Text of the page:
Parent Resourses - Little Cherubs Nature Kindergarden Isle of Man

Arrange a call or visit to our centre

Positive Behaviour

We believe that children and adults flourish best in an ordered environment in which everyone knows what is expected of them and children are free to develop their play and learning without fear of being hurt, bullied or hindered by anyone else. We aim to work towards a situation in which children can develop self-discipline and self-esteem in an atmosphere of mutual respect and encouragement.

In order to achieve this:

  • Rules governing the conduct of the setting and the behaviour of the children will be discussed and agreed within the setting and explained to all newcomers, both children and adults.
  • All staff, students and volunteers working on the premises will ensure that the boundaries are applied consistently, so that children have the security of knowing what to expect and can build up useful habits behaviour.
  • All adults will provide a positive role model for the children with regard to friendliness, care and courtesy.
  • Adults in the setting will praise and endorse desirable behaviour such as kindness and willingness to share.
  • We will take positive steps to avoid a situation in which children receive adult attention only in return for undesirable behaviour.

When children behave in unacceptable ways:

  • Physical punishment, such as smacking or shaking, will be neither used nor threatened.
  • Children will never be sent out of a room by themselves.
  • Techniques intended to single out and humiliate individual children such as the “naughty chair” will not be used.
  • Children who behave unacceptably will be given one-to-one adult support in seeing what was wrong and working towards a better pattern.
  • Where appropriate this might be achieved by a period of “time out” with an adult.
  • In cases of serious unacceptable behaviour, such as racial or other abuse, the unacceptability of the behaviour and attitudes will be made clear immediately, but by means of explanation rather than personal blame.
  • In any case of unacceptable behaviour, it will always be made clear to the child or children in question that it is the behaviour and not the child that is unwelcome.
  • Adults will not shout or raise their voices in a threatening way.
  • Adults in the setting will make themselves aware of, and respect, a range of cultural expectations regarding interactions between people.
  • ·Any behaviour problems will be handled in a developmentally appropriate fashion, respecting individual children’s level of understanding and maturity.
  • Recurring problems will be tackled by the whole setting, in partnership with the child’s Parents/Guardians, to establish an understanding of the cause.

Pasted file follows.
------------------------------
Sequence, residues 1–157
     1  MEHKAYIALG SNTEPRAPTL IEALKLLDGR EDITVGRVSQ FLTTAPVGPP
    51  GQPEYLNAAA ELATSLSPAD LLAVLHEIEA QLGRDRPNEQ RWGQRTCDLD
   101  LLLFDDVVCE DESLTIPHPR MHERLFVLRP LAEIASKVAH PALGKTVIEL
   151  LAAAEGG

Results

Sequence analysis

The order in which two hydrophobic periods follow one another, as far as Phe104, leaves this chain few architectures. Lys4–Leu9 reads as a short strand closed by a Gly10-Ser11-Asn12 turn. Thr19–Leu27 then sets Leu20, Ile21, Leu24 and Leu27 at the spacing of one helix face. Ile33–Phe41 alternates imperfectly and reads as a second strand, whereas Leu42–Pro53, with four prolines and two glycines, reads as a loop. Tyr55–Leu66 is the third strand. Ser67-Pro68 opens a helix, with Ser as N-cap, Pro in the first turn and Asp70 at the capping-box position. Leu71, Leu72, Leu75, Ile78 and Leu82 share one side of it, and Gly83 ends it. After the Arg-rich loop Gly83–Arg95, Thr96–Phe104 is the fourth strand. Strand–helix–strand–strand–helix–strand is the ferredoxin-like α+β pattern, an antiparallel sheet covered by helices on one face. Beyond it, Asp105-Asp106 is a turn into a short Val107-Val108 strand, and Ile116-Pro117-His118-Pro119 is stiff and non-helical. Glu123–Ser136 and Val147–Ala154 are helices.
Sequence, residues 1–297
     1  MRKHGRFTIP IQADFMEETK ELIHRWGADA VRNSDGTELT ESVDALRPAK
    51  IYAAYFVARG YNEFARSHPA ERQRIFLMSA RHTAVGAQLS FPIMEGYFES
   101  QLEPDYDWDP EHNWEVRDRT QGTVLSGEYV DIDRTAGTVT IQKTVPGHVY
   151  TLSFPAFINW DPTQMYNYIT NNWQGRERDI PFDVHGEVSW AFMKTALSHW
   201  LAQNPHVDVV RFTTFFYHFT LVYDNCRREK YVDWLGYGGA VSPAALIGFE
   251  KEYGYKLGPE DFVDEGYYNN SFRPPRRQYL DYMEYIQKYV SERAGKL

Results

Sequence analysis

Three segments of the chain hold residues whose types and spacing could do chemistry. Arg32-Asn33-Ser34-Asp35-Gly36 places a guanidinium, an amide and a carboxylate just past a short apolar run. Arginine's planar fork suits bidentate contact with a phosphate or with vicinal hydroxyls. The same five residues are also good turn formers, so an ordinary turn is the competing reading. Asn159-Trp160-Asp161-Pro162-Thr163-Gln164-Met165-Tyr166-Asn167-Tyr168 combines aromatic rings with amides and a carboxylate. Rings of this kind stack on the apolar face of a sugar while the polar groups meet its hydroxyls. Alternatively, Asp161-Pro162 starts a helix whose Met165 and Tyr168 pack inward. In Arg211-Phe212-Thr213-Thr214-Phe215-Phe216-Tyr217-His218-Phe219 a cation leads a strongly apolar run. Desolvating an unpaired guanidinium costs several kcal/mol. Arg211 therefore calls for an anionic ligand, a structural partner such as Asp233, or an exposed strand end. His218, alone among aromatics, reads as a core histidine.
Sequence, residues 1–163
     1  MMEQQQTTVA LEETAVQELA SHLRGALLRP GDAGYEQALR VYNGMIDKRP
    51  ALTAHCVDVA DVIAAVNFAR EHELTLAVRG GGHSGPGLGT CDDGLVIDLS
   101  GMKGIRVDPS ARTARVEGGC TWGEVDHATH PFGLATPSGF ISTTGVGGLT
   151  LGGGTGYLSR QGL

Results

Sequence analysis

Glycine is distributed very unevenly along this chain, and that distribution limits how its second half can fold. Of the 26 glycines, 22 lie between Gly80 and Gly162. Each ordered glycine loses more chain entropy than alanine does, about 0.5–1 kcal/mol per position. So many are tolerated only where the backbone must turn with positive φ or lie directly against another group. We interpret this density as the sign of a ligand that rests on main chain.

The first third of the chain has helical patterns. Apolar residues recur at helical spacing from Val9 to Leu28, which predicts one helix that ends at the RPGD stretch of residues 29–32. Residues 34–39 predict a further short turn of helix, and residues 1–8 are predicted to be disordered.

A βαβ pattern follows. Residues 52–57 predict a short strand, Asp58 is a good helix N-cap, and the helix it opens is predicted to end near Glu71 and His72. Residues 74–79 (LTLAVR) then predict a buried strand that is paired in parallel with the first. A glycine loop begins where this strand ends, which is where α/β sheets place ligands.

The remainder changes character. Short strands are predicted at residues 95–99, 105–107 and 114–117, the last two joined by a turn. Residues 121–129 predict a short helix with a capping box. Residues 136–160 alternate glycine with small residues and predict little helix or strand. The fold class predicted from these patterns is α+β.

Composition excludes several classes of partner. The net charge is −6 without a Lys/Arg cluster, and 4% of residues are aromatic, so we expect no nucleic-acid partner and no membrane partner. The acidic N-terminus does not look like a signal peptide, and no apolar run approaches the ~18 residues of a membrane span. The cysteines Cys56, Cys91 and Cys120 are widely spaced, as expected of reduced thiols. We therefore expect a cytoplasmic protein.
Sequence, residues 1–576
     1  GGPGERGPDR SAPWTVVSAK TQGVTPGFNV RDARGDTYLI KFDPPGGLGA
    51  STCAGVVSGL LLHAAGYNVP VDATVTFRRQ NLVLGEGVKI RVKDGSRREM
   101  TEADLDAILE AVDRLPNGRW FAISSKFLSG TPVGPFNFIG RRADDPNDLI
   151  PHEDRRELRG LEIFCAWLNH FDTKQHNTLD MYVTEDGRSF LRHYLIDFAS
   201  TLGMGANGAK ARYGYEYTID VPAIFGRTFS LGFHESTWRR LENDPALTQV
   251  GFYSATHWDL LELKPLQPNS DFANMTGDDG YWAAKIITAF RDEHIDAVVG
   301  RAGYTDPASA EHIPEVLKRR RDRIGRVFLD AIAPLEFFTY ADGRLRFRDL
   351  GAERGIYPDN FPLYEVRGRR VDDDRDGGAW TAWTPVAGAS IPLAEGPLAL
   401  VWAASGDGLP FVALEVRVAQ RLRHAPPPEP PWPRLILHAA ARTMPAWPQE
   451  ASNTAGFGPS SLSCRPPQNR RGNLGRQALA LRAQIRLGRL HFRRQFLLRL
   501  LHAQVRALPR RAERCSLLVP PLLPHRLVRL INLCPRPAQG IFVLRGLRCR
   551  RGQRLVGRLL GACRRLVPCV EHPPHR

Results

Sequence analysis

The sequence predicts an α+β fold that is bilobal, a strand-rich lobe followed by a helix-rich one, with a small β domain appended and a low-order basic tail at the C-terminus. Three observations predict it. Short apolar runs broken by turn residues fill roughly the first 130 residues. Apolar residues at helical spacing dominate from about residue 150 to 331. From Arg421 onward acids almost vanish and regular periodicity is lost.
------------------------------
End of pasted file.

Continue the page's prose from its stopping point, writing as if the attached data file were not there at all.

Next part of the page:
• Adults will be aware that some kinds of behaviour may arise from a child’s special needs.


Under Three’s

When children under three behave in inconsiderate ways we recognise that strategies for supporting them will need to be developmentally appropriate and differ from those for older children.

  • We recognise that babies and very young children are unable to regulate their own emotions, such as fear, anger or distress, and require sensitive adults to help them do this.
  • Common inconsiderate or hurtful behaviours of young children include tantrums, biting or fighting. Staff are calm and patient, offering comfort to intense emotions, helping children to manage their feelings and talk about them to help resolve issues and promote understanding.
  • If tantrums, biting or fighting are frequent, we try to find out the underlying cause – such as achange or upheaval at home, or frequent change of Guardians. Sometimes a child has not settled in well and the behaviour may be the result of ‘separation anxiety’.
  •  We focus on ensuring a child’s attachment figure in the setting, their key person, is building a strong relationship to provide security to the child.


Rough and tumble play and fantasy aggression

Young children often engage in play that has aggressive themes – such as superhero and weapon play; some children appear pre-occupied with these themes, but their behaviouris not necessarily a precursor to hurtful behaviour or bullying, although it may be inconsiderate at times and may need addressing using strategies as above.


Hurtful behaviour

We take hurtful behaviour very seriously. Most children under the age of five will at some stage hurt or say something hurtful to another child, especially if their emotions are high at the time,but it is not helpful to label this behaviour as ‘bullying’. For children under five, hurtful behavior is momentary, spontaneous and often without cognisance of the feelings of the person whom they have hurt.and although inconsiderate may need to address the situation using the strategies as above.

The setting will empower children who are on the receiving end of unacceptable behaviour to speak out, both to the child and to an adult. Children will be supported in this to ensure no retaliation is taking place, yet the child is aware they have the right to make their feelings known.